All eyes on QBs

After three seasons in Tennessee's offensive system – one under coordinator Randy Sanders and two under David Cutcliffe – a junior quarterback would seem to have a big advantage in spring practice.

That may not be the case for Jonathan Crompton, however. Much of the information he assimilated, processed and stored under Sanders and Cutcliffe became moot when Dave Clawson was brought in to succeed Cutcliffe earlier this year.

With a new coordinator in place, Crompton is having to learn new terminology and an assortment of new wrinkles. That would seem to neutralize the advantage in experience he holds over sophomore Nick Stephens and redshirt freshman B. J. Coleman – neither of whom has played a down in college competition. Phillip Fulmer insists that isn't the case, however.

"Football is football," the Vols' head man said. "His experience will pay dividends for him because he's played in big ball games and at crucial times."

That's true but the "big ball games" Crompton played in were in 2006, when he played the last three quarters vs. LSU and all four against Arkansas while Erik Ainge was recovering from a severe ankle sprain. Crompton scarcely played enough to break a sweat in '07.

Perhaps that's why UT coaches bracketed Crompton with Stephens and Coleman for spring practice, which resumes today after a seven-day spring break. The spring is all about identifying each player's strengths, weaknesses and potential for growth. That's especially critical at quarterback.

As Fulmer noted: "Finding the things our quarterbacks are capable of doing – and not getting outside that realm – will be really important as we go along."

Crompton has a pretty large realm. The 6-4, 230-pounder can throw the deep ball. He can feather the touch throws. He can avoid the rush. He can even scramble for positive yards if the need arises. He can take a hit and, as he proved in '06 against LSU, he can deliver one.

"Jon's a big strong guy that can run," Fulmer said. "All three of them are, actually. They have the big arms. Certainly, part of the package will be some ability to run the quarterback – using those talents, whether it be an on-the-run throw or different packages for them to be able to run the ball."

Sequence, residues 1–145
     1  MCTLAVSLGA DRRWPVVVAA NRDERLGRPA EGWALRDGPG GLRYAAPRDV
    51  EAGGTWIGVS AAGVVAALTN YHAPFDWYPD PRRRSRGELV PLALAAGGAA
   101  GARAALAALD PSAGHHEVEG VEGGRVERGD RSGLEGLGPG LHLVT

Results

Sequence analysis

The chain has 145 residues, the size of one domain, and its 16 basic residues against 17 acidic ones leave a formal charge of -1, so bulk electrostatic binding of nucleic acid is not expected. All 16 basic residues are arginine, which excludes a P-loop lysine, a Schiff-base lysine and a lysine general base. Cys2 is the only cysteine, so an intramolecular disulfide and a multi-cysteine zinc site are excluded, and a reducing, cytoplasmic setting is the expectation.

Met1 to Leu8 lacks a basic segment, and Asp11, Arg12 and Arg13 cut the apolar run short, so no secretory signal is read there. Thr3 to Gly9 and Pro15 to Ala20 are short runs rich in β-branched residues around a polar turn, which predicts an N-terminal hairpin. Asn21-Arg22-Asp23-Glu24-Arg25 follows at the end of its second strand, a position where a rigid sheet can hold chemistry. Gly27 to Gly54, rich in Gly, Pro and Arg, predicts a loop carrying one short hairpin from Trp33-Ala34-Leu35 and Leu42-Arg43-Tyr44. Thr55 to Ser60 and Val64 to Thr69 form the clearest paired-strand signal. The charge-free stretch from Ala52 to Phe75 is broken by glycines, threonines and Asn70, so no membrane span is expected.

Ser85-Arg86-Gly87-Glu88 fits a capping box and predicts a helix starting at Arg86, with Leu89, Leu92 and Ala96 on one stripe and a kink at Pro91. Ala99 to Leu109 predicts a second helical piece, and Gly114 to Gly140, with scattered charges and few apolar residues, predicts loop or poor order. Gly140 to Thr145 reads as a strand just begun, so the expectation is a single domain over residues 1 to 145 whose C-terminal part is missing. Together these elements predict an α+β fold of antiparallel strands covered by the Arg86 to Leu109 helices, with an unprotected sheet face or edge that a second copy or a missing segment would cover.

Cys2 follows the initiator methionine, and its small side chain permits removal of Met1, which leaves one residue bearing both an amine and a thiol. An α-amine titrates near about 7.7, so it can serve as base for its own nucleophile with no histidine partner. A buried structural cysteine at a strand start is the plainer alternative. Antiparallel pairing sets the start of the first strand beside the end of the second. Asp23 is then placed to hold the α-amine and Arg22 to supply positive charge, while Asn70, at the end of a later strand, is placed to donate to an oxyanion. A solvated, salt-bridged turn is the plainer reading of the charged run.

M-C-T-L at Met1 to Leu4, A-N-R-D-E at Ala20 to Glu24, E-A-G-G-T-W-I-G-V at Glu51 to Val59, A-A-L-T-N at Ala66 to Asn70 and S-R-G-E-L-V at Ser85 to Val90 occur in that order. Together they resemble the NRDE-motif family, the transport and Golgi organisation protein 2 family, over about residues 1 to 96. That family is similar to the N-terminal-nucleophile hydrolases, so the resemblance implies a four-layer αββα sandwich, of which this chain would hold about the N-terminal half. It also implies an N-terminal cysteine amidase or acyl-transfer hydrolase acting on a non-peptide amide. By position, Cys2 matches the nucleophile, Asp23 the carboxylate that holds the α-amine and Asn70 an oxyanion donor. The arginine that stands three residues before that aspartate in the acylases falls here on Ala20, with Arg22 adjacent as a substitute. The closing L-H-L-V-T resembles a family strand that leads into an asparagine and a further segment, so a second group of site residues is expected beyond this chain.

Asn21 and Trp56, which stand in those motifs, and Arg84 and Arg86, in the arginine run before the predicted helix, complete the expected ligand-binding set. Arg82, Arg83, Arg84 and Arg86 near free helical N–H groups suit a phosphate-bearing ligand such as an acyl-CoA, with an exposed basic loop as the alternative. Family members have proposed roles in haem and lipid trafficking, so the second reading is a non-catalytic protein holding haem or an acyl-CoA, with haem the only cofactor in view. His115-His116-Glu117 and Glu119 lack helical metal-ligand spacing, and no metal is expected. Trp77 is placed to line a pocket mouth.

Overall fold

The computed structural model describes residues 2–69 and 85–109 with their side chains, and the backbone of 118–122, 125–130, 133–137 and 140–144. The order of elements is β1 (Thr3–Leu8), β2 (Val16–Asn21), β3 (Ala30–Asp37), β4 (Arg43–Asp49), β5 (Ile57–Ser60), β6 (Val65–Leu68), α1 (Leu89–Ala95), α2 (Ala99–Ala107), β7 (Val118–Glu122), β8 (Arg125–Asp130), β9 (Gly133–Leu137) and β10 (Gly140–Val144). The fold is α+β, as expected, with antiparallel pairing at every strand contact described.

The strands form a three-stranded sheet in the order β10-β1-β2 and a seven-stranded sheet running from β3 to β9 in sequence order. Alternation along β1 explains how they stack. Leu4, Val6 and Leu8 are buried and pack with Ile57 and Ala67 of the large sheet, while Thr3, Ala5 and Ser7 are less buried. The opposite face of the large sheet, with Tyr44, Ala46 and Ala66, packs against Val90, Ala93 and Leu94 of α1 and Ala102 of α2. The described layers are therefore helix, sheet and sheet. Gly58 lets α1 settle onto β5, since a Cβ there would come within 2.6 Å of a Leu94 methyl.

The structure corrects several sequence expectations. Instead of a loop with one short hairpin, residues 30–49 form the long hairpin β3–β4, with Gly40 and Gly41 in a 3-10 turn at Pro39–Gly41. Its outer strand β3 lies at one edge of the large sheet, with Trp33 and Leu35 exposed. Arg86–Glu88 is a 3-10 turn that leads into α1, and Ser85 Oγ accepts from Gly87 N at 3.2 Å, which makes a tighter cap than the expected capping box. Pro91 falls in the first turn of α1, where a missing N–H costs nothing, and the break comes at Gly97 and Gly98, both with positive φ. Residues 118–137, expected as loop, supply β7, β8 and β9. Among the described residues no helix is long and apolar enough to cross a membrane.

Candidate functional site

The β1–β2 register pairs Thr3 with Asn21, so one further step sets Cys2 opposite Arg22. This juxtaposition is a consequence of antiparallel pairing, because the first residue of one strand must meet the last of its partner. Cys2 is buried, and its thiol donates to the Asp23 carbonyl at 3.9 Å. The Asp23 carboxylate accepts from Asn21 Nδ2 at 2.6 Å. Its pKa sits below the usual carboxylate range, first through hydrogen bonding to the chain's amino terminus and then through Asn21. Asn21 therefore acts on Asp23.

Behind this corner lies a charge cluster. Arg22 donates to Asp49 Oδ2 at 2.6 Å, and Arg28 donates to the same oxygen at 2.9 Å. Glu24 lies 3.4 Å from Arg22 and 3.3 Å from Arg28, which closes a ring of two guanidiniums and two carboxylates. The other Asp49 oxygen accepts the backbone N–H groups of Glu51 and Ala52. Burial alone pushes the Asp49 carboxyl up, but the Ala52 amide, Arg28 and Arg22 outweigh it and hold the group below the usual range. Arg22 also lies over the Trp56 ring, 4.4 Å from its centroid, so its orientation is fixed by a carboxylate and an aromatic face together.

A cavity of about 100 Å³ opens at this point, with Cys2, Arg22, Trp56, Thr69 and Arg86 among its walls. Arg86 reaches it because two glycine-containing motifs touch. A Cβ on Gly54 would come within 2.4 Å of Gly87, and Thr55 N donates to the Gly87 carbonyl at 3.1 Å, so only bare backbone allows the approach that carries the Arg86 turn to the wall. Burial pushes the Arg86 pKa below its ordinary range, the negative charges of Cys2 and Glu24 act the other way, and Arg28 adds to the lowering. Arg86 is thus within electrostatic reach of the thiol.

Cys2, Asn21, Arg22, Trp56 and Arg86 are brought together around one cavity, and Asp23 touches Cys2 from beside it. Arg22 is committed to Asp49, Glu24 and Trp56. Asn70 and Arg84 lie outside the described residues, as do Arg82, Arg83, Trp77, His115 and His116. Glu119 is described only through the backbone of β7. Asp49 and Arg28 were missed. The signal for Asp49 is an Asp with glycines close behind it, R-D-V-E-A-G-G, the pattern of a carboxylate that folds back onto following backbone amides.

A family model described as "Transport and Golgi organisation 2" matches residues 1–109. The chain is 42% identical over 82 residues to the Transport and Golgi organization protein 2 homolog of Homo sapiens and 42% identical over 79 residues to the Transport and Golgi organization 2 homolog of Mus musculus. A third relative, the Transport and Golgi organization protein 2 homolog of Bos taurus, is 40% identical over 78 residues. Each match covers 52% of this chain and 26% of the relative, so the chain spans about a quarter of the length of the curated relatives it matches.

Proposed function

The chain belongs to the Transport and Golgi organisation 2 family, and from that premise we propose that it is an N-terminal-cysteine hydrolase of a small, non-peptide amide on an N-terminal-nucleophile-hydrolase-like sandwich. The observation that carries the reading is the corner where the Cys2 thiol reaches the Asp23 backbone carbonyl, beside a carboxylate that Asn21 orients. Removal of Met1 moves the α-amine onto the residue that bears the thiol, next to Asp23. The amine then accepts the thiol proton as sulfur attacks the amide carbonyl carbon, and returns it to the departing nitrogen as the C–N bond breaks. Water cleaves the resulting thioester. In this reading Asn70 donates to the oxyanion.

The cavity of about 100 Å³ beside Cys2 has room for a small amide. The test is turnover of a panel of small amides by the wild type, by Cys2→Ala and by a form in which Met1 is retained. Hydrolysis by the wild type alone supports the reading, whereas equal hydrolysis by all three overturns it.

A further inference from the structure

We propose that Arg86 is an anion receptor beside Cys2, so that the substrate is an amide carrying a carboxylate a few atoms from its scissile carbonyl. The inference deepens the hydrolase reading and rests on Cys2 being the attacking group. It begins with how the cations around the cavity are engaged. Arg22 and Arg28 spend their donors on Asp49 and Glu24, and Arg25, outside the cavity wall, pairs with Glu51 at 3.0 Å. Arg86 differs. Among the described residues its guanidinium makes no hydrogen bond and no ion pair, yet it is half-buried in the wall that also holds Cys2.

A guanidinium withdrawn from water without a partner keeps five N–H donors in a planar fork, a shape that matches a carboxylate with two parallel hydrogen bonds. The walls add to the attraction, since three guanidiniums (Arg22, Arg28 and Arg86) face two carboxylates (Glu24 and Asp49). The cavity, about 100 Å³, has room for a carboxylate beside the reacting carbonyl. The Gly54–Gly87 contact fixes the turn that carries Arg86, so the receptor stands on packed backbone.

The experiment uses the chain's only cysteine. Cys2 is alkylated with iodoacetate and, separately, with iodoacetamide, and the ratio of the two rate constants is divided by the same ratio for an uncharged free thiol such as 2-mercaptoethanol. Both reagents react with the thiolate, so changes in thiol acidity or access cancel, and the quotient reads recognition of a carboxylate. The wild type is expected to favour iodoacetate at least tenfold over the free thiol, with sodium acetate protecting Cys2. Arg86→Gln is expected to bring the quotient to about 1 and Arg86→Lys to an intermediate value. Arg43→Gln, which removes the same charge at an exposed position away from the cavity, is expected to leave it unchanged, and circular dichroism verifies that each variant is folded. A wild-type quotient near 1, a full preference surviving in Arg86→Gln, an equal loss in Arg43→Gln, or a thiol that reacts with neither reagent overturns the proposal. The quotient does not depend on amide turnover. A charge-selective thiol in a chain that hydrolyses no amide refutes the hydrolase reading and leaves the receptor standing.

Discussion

A big key for any quarterback is how much poise he exhibits in the pocket. As a result, Fulmer plans to hold at least one "live" scrimmage this spring in which the quarterbacks are not protected by green (no-contact) jerseys. If one of the QB candidates is gun-shy about being hit, it soon will be evident.

"We will have at least one scrimmage that they will play live," Fulmer said. "All three of them have yet to prove themselves in this league, so we will take the opportunity to have them play some live."

Although he is serving under his third offensive coordinator in three years at UT, Crompton appears to have a leg up in the QB competition. In addition to maturity and experience, he has exhibited the dedication necessary to direct an offense at the SEC level.

"I couldn't be more pleased with Jonathan and what he's done," Fulmer said. "I sat in on one of the quarterback meetings. Coach (Clawson) had challenged all of them to learn as much as they can. He (Crompton) was in the meeting just spouting things off one after another.

"He's worked at getting himself ready. I think all three of them have."

Fulmer and the other coaches will get an inkling of just how "ready" Crompton, Stephens and Coleman are this Saturday, when the Vols hold their first full-scale scrimmage of the spring in conjunction with the annual Coaches Clinic.

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